If possible, I would personally prefer a logic app. The reason for this is that I think an SPF record should be as clean as possible. If you have the option to not add an external domain to a SPF record, I would take that option.

Here are a few pointers for both methods that you might want to consider when making your choice.

Logic Apps

  • Authenticates directly with a sender account
  • Limited to the send limit for personal accounts
  • Only works with email services that are available as a connector
  • Does not work with Exchange server (on-premises)

SendGrid

  • Uses a SendGrid Account, no authentication against the sender Address
  • Needs SPF changes and Domain Authentication
  • If you have no control over SPF, your email will likely be marked as spam or rejected

I encourage you to try out both options and consider your options with that.

SendGrid

So we are going to use the Sendgrid API for our email. You are able to set up Sendgrid on its own, but for this post we are going to get the service through the Azure portal.

Set it up

To set up SendGrid through Azure, follow the steps in this Microsoft Doc. They are pretty clear. You can use the free tier to send up to 25.000 emails per day at the time of writing.  Follow this guide to create an account.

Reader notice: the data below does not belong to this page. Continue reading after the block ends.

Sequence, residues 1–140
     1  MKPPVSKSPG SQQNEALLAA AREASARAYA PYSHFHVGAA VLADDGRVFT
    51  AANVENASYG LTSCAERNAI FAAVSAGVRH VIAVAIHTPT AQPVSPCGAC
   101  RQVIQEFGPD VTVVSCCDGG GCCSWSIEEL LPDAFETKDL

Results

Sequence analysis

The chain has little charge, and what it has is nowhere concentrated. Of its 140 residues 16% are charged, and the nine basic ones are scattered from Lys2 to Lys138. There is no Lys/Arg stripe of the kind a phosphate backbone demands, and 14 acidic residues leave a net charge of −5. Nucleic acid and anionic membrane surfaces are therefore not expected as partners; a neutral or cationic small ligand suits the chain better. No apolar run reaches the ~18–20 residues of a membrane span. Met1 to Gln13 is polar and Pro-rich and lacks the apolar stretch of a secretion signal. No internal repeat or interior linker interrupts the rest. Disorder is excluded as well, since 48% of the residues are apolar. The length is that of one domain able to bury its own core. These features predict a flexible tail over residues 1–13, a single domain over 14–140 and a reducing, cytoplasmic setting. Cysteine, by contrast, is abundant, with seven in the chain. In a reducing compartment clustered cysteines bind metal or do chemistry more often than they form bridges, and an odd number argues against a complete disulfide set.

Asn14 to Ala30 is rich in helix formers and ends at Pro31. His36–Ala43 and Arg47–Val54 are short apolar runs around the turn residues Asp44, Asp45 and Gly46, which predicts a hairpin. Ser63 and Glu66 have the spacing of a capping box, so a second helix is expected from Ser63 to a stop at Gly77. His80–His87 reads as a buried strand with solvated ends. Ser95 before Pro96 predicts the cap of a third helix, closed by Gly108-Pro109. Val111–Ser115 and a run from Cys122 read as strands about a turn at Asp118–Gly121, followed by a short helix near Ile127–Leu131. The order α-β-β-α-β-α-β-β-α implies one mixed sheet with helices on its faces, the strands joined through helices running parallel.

Follow the steps until you get an API key.

Send email from PowerShell with SendGrid

Use it in PowerShell

To create an email through the API, we first need to create a Body object. This object contains every property about the email. The Object is honestly a big mess of arrays and hash tables. I have tried to break it up, but in my opinion this did not increase readability.
You can of course use variables for all the different settings. More on that later.
When the object is created, we turn it into a JSON.

We will use this body to give to the API. First we create the header with the token we got from SendGrid. After that, we will call the API

Result

So here is the result, an email send from PowerShell with SendGrid.

Result Send email from PowerShell with SendGrid

As you can see, this email mentions that it is send through Sendgrid and that it is not trusted.
To make sure your mail is secure and not considered spam, see the following guides about changing your SPF record and setting up domain authentication.

https://sendgrid.com/docs/glossary/spf/
https://sendgrid.com/docs/ui/account-and-settings/how-to-set-up-domain-authentication/

Put it in a function